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Indexed/Abstracted in: BIOSIS Previews, Current Contents/Clinical Medicine, EMBASE, PubMed/MEDLINE, Science Citation Index Expanded (SciSearch), Scopus
Impact Factor 1,632
Online ISSN 1827-191X
Everson Uip D., Zeigler R., Sabbaga Amato M., Varejao Strabelli T. M., Aranha Camargo L. F., Grinberg M.*, Domingos Jatene A.**
From the Department of Epidemiology and Quality Control
* Hospital Infection Control Commission
** Surgery Department and from the Heart Institute Instituto do Coração do Hospital das Clínicas da Faculdade de Medicina da Universidade de São Paulo, Brazil
Background. To realize if cardiac surgery could interfere with the evolution of HIV infected patients to the acquired immunodeficiency syndrome (AIDS).
Methods. The study group consisted of 30 HIV positive patients (0.21%) among 14,785 who underwent cardiac surgery at the Heart Institute of University of São Paulo Medical School (Incor-FMUSP) from November 1988 to December 1994. Patients were followed up until they were discharged from hospital and a new contact was kept at the end of the first semester of 1995.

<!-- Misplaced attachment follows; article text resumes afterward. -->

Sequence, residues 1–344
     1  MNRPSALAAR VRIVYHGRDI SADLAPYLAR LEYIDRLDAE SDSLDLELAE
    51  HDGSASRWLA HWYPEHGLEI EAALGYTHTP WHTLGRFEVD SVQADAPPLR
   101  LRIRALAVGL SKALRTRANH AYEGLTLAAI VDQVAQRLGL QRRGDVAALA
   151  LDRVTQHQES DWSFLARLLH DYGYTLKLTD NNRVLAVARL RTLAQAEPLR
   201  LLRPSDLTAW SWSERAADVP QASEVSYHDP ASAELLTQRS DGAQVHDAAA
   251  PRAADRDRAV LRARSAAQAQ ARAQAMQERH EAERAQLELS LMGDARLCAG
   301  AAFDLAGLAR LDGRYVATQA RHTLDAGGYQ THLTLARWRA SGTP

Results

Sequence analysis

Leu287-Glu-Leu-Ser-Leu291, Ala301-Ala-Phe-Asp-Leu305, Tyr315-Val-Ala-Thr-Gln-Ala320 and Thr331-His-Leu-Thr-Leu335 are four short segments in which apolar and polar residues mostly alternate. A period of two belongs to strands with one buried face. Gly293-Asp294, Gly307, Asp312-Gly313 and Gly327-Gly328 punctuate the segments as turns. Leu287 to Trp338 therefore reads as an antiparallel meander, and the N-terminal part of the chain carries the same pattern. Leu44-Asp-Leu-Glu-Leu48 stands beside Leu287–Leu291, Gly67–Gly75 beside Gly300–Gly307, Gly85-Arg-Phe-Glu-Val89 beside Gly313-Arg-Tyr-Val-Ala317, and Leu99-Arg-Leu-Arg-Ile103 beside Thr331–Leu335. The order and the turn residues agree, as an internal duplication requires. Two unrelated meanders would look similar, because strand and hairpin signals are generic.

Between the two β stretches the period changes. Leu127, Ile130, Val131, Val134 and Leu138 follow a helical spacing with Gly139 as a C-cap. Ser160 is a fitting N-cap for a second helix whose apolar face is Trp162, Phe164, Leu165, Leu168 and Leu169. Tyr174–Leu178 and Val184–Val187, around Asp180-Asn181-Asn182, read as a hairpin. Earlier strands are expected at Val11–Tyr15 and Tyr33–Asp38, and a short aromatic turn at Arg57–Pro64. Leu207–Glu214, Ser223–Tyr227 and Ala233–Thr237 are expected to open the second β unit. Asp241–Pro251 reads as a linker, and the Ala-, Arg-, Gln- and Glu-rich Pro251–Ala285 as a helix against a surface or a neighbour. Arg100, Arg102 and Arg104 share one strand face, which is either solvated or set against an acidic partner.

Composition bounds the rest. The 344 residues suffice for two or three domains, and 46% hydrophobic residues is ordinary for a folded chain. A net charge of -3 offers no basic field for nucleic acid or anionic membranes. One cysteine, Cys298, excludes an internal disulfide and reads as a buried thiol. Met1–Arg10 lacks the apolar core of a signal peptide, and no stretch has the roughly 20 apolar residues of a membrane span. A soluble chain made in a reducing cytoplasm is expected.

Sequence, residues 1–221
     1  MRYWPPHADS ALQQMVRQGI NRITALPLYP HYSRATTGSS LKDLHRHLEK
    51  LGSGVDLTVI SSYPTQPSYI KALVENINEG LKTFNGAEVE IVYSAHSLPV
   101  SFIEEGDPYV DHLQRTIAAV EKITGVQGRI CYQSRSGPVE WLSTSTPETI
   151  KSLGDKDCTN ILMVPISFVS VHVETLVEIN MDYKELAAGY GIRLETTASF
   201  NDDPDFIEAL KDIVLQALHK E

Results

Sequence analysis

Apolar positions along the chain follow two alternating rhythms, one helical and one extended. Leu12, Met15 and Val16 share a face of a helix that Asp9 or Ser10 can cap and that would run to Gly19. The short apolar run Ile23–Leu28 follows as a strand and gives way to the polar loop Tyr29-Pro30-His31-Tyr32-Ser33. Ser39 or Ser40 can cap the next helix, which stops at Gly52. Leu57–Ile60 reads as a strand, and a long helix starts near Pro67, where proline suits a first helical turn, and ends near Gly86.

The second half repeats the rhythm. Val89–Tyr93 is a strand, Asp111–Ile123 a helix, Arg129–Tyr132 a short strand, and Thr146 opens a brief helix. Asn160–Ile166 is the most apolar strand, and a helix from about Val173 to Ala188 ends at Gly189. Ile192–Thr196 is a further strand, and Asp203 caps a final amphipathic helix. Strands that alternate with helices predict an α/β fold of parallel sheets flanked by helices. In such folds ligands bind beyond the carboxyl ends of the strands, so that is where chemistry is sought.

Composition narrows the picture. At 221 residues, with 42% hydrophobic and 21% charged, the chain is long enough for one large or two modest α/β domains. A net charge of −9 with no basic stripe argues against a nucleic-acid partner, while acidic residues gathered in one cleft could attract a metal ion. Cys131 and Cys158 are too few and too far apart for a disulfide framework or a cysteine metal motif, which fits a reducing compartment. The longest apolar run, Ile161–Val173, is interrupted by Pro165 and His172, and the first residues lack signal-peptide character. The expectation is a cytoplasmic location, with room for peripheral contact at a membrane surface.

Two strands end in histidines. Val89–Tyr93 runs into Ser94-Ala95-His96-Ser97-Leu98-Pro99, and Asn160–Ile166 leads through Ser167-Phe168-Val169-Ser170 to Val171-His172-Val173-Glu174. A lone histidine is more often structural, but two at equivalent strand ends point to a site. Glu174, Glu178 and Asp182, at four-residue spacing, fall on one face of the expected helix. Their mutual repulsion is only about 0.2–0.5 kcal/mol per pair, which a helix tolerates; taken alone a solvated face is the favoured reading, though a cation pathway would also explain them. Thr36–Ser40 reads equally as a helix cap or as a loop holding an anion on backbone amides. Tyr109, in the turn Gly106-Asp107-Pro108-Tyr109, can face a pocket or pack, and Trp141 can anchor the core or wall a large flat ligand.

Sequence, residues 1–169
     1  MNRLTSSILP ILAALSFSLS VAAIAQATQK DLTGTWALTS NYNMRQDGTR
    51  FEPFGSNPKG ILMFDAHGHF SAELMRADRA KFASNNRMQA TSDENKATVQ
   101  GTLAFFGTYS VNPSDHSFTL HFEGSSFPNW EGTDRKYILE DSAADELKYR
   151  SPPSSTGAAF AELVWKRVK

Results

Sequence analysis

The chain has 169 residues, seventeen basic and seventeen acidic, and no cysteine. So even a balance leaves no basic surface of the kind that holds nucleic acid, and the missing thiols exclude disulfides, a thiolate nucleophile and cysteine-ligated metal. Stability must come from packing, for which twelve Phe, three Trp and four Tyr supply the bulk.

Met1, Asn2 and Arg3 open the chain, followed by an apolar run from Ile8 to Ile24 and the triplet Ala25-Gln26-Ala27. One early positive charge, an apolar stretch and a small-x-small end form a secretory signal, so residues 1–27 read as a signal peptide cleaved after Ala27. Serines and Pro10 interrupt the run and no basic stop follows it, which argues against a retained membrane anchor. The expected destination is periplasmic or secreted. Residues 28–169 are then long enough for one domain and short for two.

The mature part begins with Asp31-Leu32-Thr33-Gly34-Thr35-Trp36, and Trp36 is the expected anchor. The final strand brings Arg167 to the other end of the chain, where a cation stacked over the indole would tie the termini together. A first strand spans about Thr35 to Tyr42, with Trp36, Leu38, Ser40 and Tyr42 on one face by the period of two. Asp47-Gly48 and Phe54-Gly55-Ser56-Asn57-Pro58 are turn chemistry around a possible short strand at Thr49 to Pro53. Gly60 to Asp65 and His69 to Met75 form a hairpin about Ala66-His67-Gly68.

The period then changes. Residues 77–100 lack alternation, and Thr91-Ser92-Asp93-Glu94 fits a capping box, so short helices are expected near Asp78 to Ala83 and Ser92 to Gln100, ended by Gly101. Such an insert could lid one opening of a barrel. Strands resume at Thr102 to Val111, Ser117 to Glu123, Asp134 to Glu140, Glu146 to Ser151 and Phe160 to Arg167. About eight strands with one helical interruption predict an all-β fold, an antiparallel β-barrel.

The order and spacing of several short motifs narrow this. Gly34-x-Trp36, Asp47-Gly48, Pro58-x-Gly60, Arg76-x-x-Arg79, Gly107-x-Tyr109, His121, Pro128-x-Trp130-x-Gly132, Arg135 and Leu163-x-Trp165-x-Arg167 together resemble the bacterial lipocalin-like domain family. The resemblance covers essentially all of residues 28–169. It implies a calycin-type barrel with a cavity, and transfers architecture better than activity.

Results. All patients were asymptomatic at the time they were operated. Two patients progressed to death during hospitalization due to non-infectious complications and other three patients could not be traced. After all, 25 pa-tients had their progression evaluated. Six patients (24%) died within a period ranging from 1 to 46 months (average=17 months): 2 due to bacterial pneumonia and 04 due to AIDS-related complications. The average follow-up period for the 19 surviving patients was 33.6 months (ranging from 13 to 74 months), and only one of them (5.3%) saw the infection progress to AIDS. In summary, 5/25 (20%) saw HIV infection progress to AIDS within a maximum period of 74 months.
Conclusions. Data available up to now show no conclusive evidence of acceleration of HIV into AIDS associated with cardiac surgery.